Should I pixel align in a View subclass in method -initWithFrame:frame?

  • This is a continuation of my previous issue stroking a bezier path.
    In my sub-class -initWithFrame:frame I do the following:
        self = [super initWithFrame:frame];
        if (self) {
            // Initialization code here.
            frame.size.width = 200.0;
            frame.size.height = 200.0;
            frame.origin.x = 50.0;
            frame.origin.y = 50.0;

    Should I be pixel aligning it? And is this the correct way?
    frame = [self convertRectToBacking: frame];
    frame = [self convertRectFromBacking: frame];

    [self setFrame:frame];
    [self setNeedsDisplay:YES];
      … ….

    Thanks….
  • On May 8, 2012, at 3:16 PM, Peter Teeson <pteeson...> wrote:

    > This is a continuation of my previous issue stroking a bezier path.

    Hi Peter, I'm not sure what issue you were having.
    WRT:

    > In my sub-class -initWithFrame:frame I do the following:
    > self = [super initWithFrame:frame];
    > if (self) {
    > // Initialization code here.
    > frame.size.width = 200.0;
    > frame.size.height = 200.0;
    > frame.origin.x = 50.0;
    > frame.origin.y = 50.0;
    >
    > Should I be pixel aligning it?

    Your code above is already point aligned, there for it is pixel aligned. If the frame was say 200.2 or 200.5, then you should pixel align it.

    > And is this the correct way?
    > frame = [self convertRectToBacking: frame];
    > frame = [self convertRectFromBacking: frame];

    The above code doesn't do anything except convert back and forth. Say you have a frame origin of 200.5 that you want to be pixel aligned, you would do this:

    > frame = [self convertRectToBacking: frame];

    Floor in "pixel space".
    frame.origin.x = floor(frame.origin.x);

    > frame = [self convertRectFromBacking: frame];

    Now frame is pixel aligned and is back in "point space".

    corbin

    >
    > [self setFrame:frame];
    > [self setNeedsDisplay:YES];
    > … ….
    >
    >
    > Thanks….
  • On May 8, 2012, at 3:16 PM, Peter Teeson wrote:

    > This is a continuation of my previous issue stroking a bezier path.
    > In my sub-class -initWithFrame:frame I do the following:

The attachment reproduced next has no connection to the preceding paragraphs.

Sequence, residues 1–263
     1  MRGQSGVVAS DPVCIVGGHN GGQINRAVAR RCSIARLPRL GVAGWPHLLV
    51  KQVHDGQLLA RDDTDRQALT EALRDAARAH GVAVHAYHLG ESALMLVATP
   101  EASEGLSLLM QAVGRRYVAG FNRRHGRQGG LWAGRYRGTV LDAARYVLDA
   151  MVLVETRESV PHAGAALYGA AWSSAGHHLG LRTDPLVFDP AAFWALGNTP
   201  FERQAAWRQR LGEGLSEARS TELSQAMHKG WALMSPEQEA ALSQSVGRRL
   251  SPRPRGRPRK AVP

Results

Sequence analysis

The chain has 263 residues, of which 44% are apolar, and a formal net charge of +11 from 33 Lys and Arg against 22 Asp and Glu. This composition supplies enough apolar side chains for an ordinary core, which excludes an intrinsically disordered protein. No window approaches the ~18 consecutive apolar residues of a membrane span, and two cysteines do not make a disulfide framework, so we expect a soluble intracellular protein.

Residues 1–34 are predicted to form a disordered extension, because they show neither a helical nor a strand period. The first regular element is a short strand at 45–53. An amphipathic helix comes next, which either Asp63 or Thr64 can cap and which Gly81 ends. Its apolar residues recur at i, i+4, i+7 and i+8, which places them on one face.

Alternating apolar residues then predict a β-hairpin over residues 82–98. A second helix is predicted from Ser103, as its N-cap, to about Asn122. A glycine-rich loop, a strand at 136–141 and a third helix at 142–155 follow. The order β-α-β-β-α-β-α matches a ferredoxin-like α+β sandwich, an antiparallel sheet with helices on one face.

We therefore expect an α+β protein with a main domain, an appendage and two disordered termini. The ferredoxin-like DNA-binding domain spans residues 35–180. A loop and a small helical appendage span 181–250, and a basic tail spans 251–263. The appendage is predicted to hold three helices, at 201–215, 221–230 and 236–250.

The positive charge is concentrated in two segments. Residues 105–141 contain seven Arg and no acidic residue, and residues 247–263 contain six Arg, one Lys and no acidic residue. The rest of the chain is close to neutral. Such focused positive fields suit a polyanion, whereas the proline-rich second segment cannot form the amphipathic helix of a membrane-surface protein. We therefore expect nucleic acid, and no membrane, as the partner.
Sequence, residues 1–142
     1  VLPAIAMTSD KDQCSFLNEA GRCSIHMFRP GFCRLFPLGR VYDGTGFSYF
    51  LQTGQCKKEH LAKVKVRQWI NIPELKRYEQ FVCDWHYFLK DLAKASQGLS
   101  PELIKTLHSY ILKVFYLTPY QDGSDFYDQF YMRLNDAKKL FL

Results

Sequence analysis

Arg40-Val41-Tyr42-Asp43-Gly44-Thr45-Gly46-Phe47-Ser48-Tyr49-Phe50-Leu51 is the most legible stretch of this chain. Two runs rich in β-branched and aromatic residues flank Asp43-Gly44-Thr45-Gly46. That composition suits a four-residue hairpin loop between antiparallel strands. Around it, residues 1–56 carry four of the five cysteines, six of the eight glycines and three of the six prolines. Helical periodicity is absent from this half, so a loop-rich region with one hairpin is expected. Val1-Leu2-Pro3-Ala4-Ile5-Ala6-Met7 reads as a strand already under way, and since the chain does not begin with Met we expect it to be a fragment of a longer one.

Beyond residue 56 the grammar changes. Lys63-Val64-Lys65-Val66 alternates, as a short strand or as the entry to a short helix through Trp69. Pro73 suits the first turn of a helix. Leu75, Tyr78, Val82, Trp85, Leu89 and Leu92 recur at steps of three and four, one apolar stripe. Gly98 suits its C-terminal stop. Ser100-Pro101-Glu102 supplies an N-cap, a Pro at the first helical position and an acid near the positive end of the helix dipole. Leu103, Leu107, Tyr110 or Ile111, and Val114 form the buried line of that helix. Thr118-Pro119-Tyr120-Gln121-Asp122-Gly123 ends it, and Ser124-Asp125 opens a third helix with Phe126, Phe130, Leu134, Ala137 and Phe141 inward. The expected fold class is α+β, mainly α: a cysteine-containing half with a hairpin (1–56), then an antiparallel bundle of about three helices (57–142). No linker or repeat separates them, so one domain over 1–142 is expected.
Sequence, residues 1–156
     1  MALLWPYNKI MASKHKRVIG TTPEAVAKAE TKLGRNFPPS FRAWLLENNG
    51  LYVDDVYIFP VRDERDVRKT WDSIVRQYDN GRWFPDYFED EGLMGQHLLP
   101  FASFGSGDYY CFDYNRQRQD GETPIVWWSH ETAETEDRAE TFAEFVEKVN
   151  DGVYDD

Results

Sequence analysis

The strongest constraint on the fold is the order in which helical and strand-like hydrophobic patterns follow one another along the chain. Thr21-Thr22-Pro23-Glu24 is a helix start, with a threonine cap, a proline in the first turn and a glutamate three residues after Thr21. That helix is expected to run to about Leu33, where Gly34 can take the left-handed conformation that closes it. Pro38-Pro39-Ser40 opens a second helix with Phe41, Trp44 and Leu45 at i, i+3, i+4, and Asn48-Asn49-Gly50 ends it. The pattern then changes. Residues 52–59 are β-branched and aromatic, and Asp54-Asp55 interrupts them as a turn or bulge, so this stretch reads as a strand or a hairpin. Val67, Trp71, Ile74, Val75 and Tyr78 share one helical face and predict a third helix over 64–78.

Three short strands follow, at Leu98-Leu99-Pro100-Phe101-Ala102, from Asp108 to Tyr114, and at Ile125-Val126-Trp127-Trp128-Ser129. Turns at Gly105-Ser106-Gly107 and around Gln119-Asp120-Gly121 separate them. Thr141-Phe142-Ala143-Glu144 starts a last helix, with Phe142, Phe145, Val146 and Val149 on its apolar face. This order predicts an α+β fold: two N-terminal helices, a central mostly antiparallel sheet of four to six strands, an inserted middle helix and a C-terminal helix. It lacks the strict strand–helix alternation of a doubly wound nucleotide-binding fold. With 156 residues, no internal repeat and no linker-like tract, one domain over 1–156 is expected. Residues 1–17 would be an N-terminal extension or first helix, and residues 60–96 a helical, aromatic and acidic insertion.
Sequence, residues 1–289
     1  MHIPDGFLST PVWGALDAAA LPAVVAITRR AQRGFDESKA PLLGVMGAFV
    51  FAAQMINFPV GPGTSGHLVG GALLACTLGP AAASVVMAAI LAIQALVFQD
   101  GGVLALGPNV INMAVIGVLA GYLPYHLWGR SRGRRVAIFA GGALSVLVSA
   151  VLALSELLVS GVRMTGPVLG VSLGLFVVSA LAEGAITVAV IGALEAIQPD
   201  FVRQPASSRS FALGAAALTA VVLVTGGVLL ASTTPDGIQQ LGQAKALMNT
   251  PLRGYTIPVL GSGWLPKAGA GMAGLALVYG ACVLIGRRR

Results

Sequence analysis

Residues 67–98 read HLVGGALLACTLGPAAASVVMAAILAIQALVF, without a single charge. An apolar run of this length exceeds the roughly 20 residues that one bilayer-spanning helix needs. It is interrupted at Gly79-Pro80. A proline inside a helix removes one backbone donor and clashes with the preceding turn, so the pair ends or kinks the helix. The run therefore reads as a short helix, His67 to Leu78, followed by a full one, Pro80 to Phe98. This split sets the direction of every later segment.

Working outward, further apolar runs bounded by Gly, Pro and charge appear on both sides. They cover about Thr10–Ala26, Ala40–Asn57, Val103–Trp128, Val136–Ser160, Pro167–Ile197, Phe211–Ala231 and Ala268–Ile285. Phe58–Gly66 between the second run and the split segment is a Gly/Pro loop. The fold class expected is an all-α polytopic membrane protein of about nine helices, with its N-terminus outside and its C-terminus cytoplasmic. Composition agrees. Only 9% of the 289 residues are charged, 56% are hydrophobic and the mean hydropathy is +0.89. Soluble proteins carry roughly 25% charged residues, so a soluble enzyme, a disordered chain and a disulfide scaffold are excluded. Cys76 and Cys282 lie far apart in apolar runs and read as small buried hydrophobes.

> self = [super initWithFrame:frame];
    > if (self) {
    > // Initialization code here.
    > frame.size.width = 200.0;
    > frame.size.height = 200.0;
    > frame.origin.x = 50.0;
    > frame.origin.y = 50.0;
    >
    > Should I be pixel aligning it? And is this the correct way?

    No, you should treat the view coordinate system as abstract and only pixel align (using -centerScanRect:) when you need to.

    Since Quartz coordinates refer to the infinitely-thin space between pixels, the area bounded by a rectangle defined by four points is already pixel aligned. You only need to shift your coordinates if you want a _line segment_ defined by two points to cover whole pixels. This is why you were having issues before, since strokes are applied to line segments while fills are applied to the area bounded by line segments.

    This terminology starts to break down a bit when HiDPI gets involved. Where you see "pixel" in the above paragraph, think of an idealized "device-independent pixel" which maps directly to real device pixels at 1x (normal) scale factor. "Pixel" is actually a misnomer here, but there's no real good alternative term for "a unit square 1pt on each side," since the term "point" also refers to the infinitely-small location in the coordinate space that is identified by a coordinate.

    And thankfully we only have 1x and 2x scale factors now. Previously we had 1.25x and 1.5x factors as well, which made dealing with fractional coordinates even more confusing.

    --Kyle Sluder
  • On May 8, 2012, at 3:44 PM, Kyle Sluder <kyle...> wrote:

    > On May 8, 2012, at 3:16 PM, Peter Teeson wrote:
    >
    >> This is a continuation of my previous issue stroking a bezier path.
    >> In my sub-class -initWithFrame:frame I do the following:
    >> self = [super initWithFrame:frame];
    >> if (self) {
    >> // Initialization code here.
    >> frame.size.width = 200.0;
    >> frame.size.height = 200.0;
    >> frame.origin.x = 50.0;
    >> frame.origin.y = 50.0;
    >>
    >> Should I be pixel aligning it? And is this the correct way?
    >
    > No, you should treat the view coordinate system as abstract and only pixel align (using -centerScanRect:) when you need to.

    Or the more modern:

    - (NSRect)backingAlignedRect:(NSRect)aRect options:(NSAlignmentOptions)options

    corbin

    > Since Quartz coordinates refer to the infinitely-thin space between pixels, the area bounded by a rectangle defined by four points is already pixel aligned. You only need to shift your coordinates if you want a _line segment_ defined by two points to cover whole pixels. This is why you were having issues before, since strokes are applied to line segments while fills are applied to the area bounded by line segments.
    >
    > This terminology starts to break down a bit when HiDPI gets involved. Where you see "pixel" in the above paragraph, think of an idealized "device-independent pixel" which maps directly to real device pixels at 1x (normal) scale factor. "Pixel" is actually a misnomer here, but there's no real good alternative term for "a unit square 1pt on each side," since the term "point" also refers to the infinitely-small location in the coordinate space that is identified by a coordinate.
    >
    > And thankfully we only have 1x and 2x scale factors now. Previously we had 1.25x and 1.5x factors as well, which made dealing with fractional coordinates even more confusing.
    >
    > --Kyle Sluder
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